My squees

The Caphenon, titled for the crashed ship the friendly aliens were on, boasts tons of memorable and intriguing characters with complex interactions. Lancer Tal must bear the weight of society, marshal the world’s troops, and play politics at the same time, and those have shaped her into a fascinating woman, tough and empathetic. Her foil, Ekatya Serrado, has a similar personality and burden, but differing life circumstances and loyalties molded by her society’s customs. The most major non-main character (deuteragonist?), anthropologist Lhyn Rivers, is richly detailed: curious, loyal, brilliant, and drives the actions of many with her ingenuity and compassion.

The female characters in The Caphenon all take actions, take responsibility for their actions, and have all kinds of different jobs, capabilities, and personalities. You know, like people! That they are people is not a gimmick or remarked upon. This is what I look for in stories: fully realized characters of all shapes, sizes, genders, sexualities, and more.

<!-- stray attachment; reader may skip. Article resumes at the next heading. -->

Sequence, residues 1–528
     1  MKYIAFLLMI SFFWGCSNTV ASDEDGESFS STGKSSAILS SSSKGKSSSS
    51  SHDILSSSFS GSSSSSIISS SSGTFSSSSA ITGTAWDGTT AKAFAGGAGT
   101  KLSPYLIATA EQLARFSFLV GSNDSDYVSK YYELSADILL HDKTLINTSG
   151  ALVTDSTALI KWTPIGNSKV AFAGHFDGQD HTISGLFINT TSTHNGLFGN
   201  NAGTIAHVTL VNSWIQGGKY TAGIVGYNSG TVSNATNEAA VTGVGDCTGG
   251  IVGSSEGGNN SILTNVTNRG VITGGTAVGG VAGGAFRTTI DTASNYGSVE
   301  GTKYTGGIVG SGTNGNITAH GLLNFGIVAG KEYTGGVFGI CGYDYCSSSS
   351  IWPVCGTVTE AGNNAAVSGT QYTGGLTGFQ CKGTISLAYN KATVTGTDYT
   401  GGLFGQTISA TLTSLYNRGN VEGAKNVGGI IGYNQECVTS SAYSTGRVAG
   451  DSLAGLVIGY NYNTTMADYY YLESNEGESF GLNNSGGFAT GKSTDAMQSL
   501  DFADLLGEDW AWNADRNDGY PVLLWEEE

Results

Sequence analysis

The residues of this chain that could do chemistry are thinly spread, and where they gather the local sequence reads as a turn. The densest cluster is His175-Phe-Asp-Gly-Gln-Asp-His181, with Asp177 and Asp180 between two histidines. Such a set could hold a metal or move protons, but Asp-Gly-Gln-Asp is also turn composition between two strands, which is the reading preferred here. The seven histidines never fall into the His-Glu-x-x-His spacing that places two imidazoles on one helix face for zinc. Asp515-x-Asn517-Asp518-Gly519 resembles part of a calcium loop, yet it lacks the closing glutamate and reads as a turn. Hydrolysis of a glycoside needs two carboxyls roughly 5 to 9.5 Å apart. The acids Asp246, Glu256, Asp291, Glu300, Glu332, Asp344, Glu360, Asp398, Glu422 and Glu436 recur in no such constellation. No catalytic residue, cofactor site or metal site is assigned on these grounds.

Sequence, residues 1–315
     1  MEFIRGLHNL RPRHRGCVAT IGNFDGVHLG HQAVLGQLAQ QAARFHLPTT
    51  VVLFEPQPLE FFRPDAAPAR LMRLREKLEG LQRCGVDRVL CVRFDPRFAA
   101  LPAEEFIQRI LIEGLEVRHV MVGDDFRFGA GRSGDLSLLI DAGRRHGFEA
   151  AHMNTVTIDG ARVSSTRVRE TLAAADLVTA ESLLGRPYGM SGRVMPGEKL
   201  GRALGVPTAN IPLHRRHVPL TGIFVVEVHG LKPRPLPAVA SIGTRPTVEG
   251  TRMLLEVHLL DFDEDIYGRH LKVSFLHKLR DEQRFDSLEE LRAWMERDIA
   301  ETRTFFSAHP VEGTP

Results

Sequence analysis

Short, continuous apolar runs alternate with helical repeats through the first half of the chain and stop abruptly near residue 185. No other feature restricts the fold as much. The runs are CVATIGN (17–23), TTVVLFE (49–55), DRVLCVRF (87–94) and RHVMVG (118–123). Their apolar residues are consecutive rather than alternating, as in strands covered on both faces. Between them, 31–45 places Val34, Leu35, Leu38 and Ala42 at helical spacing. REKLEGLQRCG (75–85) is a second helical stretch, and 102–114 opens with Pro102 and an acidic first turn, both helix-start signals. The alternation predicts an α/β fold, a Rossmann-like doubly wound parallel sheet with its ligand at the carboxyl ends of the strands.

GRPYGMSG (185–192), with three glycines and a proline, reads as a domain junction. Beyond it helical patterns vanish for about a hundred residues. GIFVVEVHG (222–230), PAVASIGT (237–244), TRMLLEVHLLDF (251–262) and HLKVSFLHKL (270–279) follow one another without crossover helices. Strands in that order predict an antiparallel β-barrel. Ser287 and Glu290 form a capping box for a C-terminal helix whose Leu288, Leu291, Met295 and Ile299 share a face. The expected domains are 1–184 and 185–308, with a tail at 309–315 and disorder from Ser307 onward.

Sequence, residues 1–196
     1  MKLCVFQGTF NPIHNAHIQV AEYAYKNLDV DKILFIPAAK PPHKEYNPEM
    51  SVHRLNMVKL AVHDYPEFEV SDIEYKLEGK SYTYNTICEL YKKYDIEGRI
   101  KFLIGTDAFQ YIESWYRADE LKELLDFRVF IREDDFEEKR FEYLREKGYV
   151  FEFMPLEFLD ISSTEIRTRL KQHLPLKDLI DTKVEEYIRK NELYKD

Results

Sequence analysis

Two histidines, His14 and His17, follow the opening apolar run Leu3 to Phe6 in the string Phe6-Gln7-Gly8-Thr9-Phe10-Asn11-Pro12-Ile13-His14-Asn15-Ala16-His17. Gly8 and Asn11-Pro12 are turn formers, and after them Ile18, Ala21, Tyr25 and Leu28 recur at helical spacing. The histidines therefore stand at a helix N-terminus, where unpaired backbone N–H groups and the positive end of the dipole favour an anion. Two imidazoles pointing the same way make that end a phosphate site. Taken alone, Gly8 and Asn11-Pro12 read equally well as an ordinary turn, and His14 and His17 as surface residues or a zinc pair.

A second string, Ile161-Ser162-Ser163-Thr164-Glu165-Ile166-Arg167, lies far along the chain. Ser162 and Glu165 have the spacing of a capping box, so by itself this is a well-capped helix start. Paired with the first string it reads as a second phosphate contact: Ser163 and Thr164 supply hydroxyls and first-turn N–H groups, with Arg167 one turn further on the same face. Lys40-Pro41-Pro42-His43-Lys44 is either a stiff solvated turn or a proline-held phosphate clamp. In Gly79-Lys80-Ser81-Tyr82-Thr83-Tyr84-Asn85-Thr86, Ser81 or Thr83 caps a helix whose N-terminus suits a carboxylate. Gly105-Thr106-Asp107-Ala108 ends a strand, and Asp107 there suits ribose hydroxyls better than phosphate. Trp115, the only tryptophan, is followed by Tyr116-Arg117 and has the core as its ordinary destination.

Alsea is a fascinating world with a complicated society and history. The caste system makes meritocracy an even more problematic concept, with people of certain aptitudes (inborn) being shoehorned into the higher castes. Alsean society knows this is an issue but has not divested of it, and the tensions between the less prestigious castes and the warriors and scholars come up in several discussions.

Delancey explores an interesting concept I wish I saw in more military fiction: the soldiers die, but they have traditions and ceremony to commemorate that, and they’re trained for war. Civilians still have to cope with war and often bear the scars of conflict as well. In The Caphenon, some academics have to get into combat zones and do violent things unfamiliar to them, the trauma of which will follow them beyond the story.

 

My grumbles